Treatment of the Dead and Wounded
The wounded Maoris were taken to hospital on stretchers for treatment, several dying there. Reweti, the second chief in command, had seven bullet wounds and both legs broken. Rawiri Puhirake
, during the bombardment, strode fearlessly up and down the parapets, calling out to the British gunners at each shot:—”Tena tena e mahi i to mahi,” (go on with your work, do your worst), and to his countrymen he would give cheer, saying:—”Kia u te manawarere,” (be firm o trembling hearts, be firm). One Maori had been cut in two by a shell; the head, trunk and extremities were carefully collected and laid with the remaining dead in the Pa. Another native had his skull cloven by the black sailor of the “Miranda.” The sailor had already done good service during the war, but fell dead later on. Mr Watt (gunner of H.M.S. “Miranda”)
The old Mission House at “The Elms,” Tauranga. Its erection was commenced in 1838 and completed in 1845. Except for a roofing of iron over the shingles and a few minor repairs, the building has been lovingly preserved by its present owner, Miss Alice Maxwell, in its original state.
Archdeacon Brown's Library at “The Elms,” the old Mission Station at Tauranga. Interestingly described by E. Maxwell in “Recollections and Reflections of an Old New Zealander,” p.p. 167–189.
[Photo. by R. J. Smith, A.R.P.S.]
The date of this photograph of Tauranga is uncertain but presumably it was taken at about the time of the arrival of the troops in 1864.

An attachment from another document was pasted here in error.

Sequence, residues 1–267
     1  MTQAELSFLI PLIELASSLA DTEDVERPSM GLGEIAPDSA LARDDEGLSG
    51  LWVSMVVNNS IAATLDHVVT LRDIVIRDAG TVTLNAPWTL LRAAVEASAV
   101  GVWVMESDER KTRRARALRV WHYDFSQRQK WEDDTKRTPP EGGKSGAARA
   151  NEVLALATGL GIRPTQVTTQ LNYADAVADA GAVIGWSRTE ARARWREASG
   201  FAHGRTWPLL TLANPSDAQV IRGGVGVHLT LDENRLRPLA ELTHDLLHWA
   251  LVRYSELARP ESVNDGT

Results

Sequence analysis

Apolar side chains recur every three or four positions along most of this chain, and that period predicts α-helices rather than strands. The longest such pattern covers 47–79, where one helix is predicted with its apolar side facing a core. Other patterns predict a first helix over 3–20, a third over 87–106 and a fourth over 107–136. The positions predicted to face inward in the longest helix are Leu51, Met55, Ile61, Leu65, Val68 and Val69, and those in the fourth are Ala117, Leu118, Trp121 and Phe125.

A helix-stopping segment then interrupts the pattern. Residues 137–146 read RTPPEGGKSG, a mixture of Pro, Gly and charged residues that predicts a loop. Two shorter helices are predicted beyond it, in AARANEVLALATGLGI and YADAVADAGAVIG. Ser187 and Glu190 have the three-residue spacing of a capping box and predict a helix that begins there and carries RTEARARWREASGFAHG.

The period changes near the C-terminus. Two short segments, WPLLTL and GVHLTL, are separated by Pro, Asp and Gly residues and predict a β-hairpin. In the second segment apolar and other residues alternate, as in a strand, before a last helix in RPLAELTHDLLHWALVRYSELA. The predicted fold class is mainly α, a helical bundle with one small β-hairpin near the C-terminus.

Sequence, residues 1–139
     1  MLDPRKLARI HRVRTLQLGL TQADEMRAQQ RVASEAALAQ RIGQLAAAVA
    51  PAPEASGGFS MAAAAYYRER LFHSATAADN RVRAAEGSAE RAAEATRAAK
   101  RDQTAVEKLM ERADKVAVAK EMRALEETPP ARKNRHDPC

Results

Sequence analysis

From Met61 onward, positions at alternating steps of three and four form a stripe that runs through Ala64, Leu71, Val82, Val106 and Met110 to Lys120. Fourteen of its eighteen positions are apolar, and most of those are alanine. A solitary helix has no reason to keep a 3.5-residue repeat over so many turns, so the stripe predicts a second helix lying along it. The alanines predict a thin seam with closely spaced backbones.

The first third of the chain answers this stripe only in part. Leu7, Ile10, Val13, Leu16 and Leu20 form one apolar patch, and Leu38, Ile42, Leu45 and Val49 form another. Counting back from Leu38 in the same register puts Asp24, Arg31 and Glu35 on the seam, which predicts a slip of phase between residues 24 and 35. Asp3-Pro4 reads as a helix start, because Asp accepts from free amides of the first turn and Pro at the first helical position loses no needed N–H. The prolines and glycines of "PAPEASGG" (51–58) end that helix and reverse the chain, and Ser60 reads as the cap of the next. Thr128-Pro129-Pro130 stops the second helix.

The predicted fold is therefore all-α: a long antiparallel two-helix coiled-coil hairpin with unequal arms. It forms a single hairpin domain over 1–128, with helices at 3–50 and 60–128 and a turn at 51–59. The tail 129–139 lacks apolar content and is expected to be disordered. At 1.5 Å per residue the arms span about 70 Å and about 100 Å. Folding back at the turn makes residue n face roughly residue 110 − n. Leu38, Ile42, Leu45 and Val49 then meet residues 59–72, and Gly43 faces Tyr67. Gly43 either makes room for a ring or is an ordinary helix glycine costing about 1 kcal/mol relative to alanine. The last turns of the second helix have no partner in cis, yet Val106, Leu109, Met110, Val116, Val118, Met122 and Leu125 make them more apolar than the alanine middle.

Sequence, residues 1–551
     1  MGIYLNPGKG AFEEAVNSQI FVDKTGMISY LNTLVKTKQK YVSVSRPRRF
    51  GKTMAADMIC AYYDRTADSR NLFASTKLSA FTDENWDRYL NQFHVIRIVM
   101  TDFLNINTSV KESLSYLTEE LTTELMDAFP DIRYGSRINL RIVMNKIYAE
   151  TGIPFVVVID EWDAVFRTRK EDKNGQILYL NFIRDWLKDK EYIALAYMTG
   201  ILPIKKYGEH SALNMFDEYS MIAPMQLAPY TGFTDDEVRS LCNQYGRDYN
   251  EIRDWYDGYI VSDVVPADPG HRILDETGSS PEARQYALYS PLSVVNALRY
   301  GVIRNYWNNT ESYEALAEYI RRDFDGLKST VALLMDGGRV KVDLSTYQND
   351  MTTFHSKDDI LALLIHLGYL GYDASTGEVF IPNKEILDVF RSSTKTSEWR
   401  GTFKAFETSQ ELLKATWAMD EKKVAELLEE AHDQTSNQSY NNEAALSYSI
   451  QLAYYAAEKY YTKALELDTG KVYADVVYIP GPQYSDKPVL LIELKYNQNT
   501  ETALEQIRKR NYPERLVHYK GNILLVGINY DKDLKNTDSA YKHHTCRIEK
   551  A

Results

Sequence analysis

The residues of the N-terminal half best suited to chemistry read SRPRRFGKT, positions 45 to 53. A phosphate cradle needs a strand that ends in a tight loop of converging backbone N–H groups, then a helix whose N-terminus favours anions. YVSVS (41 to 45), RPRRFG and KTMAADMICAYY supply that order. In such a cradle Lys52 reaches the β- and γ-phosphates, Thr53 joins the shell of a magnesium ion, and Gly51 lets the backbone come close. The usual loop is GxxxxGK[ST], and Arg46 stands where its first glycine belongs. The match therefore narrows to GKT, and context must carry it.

Taken from an engraving in the Illustrated London News of July 23rd, 1864.
cut down with his cutlass the native who had shot Captain Hamilton of H.M.S. “Esk.” Another seaman from the same vessel chased and bayoneted a native outside the Pa, but was immediately shot. Samuel Mitchell
, of H.M.S. “Harrier,” was recommended for the Victoria Cross for bringing out Commander Hay, seriously wounded, from the Pa. Captain Glover was shot while bringing away the body of his younger brother. The latter was at Maketu
on duty, where a detachment of fifty men of the 68th and 43rd had been sent to protect the Maketu
settlement. They occupied the fine Pukemaire Pa above the village, placing 6-pounder Armstrong field pieces in the angles. Having heard that his elder brother was one of the forlorn hope, he hurried to Tauranga without leave and joined in the assault. His brother, who came out unscathed, on hearing his younger brother was missing, exclaimed:—”I must find where Teddy is, or what would mother say.” He went back into the works alone and was shot—an act of fraternal affection which cost the Queen two gallant soldiers.
Only twenty of the enemy dead were found in the Pa, but nine more were collected, making twenty-nine who were buried on the west side of Cameron Road, between it and the swamp in the grove of trees there. A fortnight afterwards Piwharangi, another Ngaiterangi, was found and placed with the others, making thirty in all. The Venerable Archdeacon Brown conducted the service. No stone marks these gallant dead. When the fatigue party were laying the dead in one grave, the Maoris, who came in at the General's invitation, objected, making the soldiers place the plebians first, then laying the chiefs across their breasts, saying:—”Kati ano kia Waiho hei whariki mo a matou rangatira (It is well that they should be a couch whereon our chiefs may rest). Including those who died from wounds subsequently, I should put the total Maori loss at about forty-five.